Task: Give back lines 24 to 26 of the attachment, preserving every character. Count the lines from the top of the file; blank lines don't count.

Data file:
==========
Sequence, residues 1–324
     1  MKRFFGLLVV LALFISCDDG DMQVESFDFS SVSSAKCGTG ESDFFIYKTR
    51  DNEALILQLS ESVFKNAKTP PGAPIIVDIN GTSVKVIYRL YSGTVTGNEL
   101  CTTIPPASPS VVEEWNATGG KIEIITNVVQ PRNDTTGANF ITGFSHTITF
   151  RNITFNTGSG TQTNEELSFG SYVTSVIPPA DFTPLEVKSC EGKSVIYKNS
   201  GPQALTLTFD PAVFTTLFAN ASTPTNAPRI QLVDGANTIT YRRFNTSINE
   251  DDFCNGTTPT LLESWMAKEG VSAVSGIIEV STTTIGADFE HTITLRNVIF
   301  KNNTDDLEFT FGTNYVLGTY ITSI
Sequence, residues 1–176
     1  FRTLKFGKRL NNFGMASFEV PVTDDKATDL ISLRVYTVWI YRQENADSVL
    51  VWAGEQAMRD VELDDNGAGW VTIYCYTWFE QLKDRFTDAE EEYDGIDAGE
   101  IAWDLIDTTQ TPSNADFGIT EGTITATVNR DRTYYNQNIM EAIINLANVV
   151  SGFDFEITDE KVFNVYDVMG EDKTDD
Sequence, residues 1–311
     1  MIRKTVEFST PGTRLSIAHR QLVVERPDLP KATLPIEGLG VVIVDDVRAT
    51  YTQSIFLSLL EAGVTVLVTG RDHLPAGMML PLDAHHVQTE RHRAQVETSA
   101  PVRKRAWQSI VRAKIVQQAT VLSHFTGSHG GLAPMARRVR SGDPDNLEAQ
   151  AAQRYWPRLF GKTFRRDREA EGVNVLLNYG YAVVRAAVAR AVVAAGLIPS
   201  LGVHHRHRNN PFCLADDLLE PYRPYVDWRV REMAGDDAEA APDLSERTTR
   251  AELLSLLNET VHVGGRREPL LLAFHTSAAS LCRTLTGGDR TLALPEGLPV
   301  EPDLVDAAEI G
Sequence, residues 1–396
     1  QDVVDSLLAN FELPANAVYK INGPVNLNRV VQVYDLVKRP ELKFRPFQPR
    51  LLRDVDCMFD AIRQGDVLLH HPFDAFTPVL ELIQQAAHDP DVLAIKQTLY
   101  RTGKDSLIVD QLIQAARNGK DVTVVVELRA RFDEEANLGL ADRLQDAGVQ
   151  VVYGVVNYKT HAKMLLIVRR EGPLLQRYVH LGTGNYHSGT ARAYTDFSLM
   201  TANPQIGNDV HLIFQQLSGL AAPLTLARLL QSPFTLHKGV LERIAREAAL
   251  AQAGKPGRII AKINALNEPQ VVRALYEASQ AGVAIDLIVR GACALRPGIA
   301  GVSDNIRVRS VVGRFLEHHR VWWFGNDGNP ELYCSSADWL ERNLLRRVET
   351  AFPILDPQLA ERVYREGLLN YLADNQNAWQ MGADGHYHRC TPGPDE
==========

    51  LLRDVDCMFD AIRQGDVLLH HPFDAFTPVL ELIQQAAHDP DVLAIKQTLY
   101  RTGKDSLIVD QLIQAARNGK DVTVVVELRA RFDEEANLGL ADRLQDAGVQ
   151  VVYGVVNYKT HAKMLLIVRR EGPLLQRYVH LGTGNYHSGT ARAYTDFSLM